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Guest Post: Film Review -- Celeste and Jesse Forever

Posted on the 27 February 2013 by Quirkybibliophile @qbibliophile
I am happy to share another guest post by Zack Mandell. Zach is a movie enthusiast, writer of movie reviews, and owner of www.movieroomreviews.com which has great information on actresses such as Rashida Jones. He writes extensively about the movie industry for sites such as Gossip Center, Yahoo, NowPublic, and Helium.
Guest Post: Film Review -- Celeste and Jesse Forever
Let’s face it: The state of the modern romantic comedy is abysmal, and it has been for a while. It’s no one person’s fault by any means; it’s a systematic issue. The Hollywood rom-com hasn’t matured or really changed its formula since the studio days when names like Cary Grant and Katharine Hepburn were headlining the pictures. Yet while the plots are the same, the characters have become increasingly broad and shrill and largely unsympathetic. No offense to her, but I don’t watch most Katherine Heigl movies and fervently hope that she will find her seemingly (but inevitably not) mythical Mr. Right by the end of the picture. They aren’t all bad though; there are some unique filmmakers and writers who have tried to inject some real juice into the genre. These efforts are usually made in the realm of independent cinema. As valiant as some of these efforts are, even the indie rom-com has fallen into conventions of being twee, and featuring know-it-all , tortured protagonists, finding love against the backdrop of a killer soundtrack sponsored by Pitchfork Magazine. And then there’s the truly breathtaking and innovative stuff like Eternal Sunshine of the Spotless Mind. Celeste and Jesse Forever is somewhere in the middle.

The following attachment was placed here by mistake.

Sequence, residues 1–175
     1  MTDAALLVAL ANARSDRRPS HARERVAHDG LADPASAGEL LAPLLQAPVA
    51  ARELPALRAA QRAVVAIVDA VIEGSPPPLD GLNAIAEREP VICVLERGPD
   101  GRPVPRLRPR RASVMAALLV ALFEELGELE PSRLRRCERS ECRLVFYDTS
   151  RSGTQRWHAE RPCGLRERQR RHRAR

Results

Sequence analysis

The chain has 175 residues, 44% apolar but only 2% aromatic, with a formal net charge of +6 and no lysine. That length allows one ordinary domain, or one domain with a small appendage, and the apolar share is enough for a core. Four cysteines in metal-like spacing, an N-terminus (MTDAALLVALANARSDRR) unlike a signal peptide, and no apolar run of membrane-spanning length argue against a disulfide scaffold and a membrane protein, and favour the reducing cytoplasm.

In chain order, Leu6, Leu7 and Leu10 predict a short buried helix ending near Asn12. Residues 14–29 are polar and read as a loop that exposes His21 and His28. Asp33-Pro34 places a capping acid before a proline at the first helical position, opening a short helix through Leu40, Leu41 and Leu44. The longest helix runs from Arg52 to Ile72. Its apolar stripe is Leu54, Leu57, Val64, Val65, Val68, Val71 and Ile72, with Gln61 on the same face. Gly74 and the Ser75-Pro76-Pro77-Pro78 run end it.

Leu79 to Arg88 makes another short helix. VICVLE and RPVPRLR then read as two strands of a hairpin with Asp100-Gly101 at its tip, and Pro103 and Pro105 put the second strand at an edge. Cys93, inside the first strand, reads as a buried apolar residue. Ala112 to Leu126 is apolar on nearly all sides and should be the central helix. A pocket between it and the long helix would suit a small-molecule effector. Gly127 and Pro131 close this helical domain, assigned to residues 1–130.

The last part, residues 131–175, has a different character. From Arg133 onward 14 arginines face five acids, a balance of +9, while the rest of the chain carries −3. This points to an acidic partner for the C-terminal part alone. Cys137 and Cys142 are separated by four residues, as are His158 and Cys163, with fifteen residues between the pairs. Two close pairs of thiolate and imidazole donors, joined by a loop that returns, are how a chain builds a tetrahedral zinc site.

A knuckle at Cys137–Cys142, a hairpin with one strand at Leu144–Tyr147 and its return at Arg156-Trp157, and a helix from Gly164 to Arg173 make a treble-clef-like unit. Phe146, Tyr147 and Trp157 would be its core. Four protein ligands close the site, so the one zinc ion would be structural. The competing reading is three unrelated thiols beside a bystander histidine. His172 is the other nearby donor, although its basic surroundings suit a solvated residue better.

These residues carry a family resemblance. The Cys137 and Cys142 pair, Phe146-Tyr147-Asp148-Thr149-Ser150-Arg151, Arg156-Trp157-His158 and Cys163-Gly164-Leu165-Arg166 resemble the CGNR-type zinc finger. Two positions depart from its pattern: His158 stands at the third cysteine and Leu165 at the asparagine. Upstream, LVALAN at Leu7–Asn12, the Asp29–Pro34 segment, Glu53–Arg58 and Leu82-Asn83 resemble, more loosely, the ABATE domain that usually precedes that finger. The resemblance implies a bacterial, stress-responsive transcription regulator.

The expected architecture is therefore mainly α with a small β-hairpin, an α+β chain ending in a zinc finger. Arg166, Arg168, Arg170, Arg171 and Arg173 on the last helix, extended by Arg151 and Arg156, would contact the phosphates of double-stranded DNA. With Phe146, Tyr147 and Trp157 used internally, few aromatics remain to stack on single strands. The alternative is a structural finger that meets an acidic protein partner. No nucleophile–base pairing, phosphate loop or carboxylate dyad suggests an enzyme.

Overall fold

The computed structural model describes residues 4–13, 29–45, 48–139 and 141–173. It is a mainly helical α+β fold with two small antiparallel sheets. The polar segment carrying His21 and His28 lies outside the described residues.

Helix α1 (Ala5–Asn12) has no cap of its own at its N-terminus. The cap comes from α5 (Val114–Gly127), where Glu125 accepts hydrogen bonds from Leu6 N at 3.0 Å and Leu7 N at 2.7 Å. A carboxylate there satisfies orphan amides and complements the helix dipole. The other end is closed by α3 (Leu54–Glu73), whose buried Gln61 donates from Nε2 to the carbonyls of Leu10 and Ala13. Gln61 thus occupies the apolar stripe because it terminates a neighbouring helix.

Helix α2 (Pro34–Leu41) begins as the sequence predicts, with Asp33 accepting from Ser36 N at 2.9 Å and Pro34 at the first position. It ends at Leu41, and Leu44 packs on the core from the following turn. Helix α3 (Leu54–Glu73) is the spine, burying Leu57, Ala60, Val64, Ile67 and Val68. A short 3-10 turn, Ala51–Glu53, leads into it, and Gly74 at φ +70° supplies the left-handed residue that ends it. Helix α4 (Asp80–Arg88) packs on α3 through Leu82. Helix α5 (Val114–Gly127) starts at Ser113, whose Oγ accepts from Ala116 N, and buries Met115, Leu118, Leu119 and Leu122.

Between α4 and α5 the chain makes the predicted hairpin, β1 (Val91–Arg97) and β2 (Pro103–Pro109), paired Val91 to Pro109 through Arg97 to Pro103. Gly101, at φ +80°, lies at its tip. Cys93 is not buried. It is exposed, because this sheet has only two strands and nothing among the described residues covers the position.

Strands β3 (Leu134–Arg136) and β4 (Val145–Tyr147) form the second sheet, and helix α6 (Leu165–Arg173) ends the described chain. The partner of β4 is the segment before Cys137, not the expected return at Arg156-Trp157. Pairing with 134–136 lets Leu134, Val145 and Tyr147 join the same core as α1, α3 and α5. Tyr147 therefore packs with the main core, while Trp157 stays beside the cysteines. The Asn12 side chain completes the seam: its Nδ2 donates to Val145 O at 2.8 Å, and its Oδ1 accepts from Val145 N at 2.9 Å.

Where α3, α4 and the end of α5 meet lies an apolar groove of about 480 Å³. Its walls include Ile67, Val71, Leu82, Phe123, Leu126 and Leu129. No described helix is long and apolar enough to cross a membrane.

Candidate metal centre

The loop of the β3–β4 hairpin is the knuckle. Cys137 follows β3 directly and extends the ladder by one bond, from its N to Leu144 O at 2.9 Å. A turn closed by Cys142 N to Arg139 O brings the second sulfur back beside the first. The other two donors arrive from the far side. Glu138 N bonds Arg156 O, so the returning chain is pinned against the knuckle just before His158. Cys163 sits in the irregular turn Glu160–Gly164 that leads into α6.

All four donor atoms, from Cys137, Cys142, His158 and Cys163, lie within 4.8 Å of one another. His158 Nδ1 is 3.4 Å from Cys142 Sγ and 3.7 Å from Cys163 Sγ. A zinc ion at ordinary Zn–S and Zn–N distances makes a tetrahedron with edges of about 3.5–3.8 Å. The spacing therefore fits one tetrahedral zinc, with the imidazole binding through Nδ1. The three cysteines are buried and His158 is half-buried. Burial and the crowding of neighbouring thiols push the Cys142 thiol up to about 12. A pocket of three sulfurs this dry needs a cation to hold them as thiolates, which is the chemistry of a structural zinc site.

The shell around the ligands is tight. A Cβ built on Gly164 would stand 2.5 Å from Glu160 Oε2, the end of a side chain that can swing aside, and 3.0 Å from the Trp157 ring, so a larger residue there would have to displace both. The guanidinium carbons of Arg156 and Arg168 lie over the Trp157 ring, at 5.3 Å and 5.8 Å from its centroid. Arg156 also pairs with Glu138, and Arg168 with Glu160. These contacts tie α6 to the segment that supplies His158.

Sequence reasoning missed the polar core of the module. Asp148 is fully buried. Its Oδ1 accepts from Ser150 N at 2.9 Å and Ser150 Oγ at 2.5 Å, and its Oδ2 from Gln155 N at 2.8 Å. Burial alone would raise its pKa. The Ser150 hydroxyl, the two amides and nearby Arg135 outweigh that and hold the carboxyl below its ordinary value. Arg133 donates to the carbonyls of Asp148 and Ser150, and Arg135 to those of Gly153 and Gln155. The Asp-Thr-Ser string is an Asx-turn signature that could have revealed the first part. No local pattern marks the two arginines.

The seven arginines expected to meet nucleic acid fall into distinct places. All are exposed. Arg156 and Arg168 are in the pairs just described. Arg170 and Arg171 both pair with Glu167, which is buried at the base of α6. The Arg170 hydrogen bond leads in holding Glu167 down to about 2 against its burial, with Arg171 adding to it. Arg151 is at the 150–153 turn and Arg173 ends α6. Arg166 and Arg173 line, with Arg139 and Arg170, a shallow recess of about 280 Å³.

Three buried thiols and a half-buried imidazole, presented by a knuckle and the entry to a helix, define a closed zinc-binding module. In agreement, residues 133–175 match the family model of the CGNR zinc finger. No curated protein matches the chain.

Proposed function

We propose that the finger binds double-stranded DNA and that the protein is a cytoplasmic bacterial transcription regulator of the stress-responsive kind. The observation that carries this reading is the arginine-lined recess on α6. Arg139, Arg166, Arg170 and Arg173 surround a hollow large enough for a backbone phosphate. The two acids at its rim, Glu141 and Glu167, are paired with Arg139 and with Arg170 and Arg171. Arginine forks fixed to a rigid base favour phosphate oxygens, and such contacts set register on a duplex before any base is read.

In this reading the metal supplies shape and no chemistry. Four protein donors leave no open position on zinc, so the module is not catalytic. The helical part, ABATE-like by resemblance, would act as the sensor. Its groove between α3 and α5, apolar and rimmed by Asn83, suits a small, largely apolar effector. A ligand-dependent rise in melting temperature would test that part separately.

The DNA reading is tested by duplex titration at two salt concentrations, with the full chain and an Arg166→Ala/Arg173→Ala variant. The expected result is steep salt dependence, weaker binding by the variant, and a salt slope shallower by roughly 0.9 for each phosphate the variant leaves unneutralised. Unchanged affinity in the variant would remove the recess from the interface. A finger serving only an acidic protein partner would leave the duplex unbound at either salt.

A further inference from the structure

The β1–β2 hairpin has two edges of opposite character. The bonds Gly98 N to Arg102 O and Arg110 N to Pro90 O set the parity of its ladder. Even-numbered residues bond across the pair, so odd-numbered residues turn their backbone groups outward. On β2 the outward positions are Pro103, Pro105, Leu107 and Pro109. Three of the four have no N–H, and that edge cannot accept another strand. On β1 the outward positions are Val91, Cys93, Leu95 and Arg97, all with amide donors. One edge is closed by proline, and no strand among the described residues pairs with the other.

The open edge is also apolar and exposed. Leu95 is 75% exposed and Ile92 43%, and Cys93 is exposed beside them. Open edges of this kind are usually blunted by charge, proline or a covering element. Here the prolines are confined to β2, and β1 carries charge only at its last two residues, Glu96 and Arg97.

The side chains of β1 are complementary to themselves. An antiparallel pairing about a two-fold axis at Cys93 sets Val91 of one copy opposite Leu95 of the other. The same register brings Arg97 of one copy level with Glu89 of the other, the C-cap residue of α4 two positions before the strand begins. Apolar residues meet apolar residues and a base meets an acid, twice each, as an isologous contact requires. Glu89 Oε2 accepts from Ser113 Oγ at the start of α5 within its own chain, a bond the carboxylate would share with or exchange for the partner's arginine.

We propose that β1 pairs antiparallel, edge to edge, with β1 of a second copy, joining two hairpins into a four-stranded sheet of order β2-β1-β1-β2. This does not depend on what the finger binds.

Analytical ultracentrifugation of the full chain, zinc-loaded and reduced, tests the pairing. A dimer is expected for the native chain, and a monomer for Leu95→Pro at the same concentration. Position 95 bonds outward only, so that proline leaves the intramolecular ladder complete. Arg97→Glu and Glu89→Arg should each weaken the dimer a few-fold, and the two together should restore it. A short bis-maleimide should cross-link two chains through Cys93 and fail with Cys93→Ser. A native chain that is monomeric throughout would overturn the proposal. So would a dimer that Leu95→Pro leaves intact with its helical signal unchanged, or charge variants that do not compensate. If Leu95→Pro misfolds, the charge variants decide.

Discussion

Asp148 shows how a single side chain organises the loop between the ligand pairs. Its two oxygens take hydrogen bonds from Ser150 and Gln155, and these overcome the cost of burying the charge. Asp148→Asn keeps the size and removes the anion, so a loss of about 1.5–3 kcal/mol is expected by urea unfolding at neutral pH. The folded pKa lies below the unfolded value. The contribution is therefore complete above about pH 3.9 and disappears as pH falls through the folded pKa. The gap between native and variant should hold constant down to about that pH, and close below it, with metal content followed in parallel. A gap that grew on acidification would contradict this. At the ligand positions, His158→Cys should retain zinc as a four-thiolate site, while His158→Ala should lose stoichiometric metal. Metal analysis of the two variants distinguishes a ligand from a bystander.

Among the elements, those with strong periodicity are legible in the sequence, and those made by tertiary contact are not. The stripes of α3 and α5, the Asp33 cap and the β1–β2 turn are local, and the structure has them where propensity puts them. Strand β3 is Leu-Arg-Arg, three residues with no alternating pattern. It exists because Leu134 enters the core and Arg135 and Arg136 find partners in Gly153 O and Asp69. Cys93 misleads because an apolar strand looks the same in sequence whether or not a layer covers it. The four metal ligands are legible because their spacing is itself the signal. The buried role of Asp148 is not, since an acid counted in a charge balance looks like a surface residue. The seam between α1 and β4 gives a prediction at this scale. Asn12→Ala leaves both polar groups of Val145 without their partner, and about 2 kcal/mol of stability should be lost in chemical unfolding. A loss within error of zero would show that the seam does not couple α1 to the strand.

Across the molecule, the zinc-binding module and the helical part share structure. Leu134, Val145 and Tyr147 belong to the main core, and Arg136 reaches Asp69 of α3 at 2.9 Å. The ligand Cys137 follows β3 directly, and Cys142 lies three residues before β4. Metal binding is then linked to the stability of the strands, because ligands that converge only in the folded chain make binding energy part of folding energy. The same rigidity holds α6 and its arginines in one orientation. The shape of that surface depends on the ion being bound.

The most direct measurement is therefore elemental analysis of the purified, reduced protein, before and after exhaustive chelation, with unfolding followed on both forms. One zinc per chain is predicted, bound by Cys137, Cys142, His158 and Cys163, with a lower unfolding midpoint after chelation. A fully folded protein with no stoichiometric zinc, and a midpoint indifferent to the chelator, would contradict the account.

I will say this: The film, directed by Lee Toland Krieger, has an intriguing premise that sets it apart from standard fare right from the get. The titular characters Celeste and Jesse (played by Rashida Jones and Andy Samberg) are best friends. They hang out all of the time, share their deepest secrets, even have comedic “bits” that befuddle their other friends. In most films of this variety, the filmmakers would have taken the standard road and placed the characters into a coy "will they or won’t they" situation. But the scriptwriters, of which actress Jones is one, add an interesting twist to Celeste and Jesse’s relationship: They’re in the middle of a divorce. The relationship has happened, and it’s over. They’re just handling the divorce extraordinarily well, that is, until Jesse starts a relationship with a one night stand he impregnates. Celeste doesn’t take to the news particularly well. Is she losing a best friend? Or is she losing her soul mate?
The film doesn’t clearly define this, and that’s a plus. Nothing is spelled out literally. Jones and co-screenwriter Will McCormack have cultivated complex characters that don’t have clear motivations and intent. They are utterly human, and trapped in situations that will have enormous and profound effects on the people they will become. Jones is refreshingly unafraid to give herself the character who handles the maturity of the relationship with the least, well, maturity. Her Celeste suffers something of a personal breakdown in the face of Jesse’s new commitment, one that jeopardizes the friendship. But thanks to writing that leans upon ambiguity, maybe her breakdown isn’t entirely unjustified.
The film benefits not only from her screenwriting, but from her performance as well. Jones is something of a revelation here. She has made her career to this point as being the pretty face on two critical darling television shows in “The Office” and “Parks and Recreation.” I’m not trying to insinuate that she has yet to display talent, but her character on “Parks and Rec” is usually the least interesting. Here, she displays real wit and charm, yet entirely vulnerable. She bravely mines Celeste’s flaws, all the while making her sympathetic and fun to watch.
Jones makes up a lot of what is good in the film. Of course, she is not the only person listed in the end credits. The script is funny and incisive; Krieger’s direction of it is dull and pedestrian. His visual styling hardly differentiates from the mediocre rom-coms that flood the multiplex every February. “Saturday Night Live” star Samberg is fine, if unspectacular as Jesse. And if you’re looking for truly unspectacular and borderline terrible, look no further than Elijah Wood as Celeste’s gay best friend and co-worker (no, they couldn’t avoid that cliché in the scripting process). He is clearly having fun; I was clearly banging my head against the back of my seat whenever he recited a line of awkward dialog.
Still, Celeste and Jesse is a couple worth spending time with. They’re friends that have their flaws, and certainly you don’t want to be around them all of the time. But the occasional hangout is certainly not out of the question.

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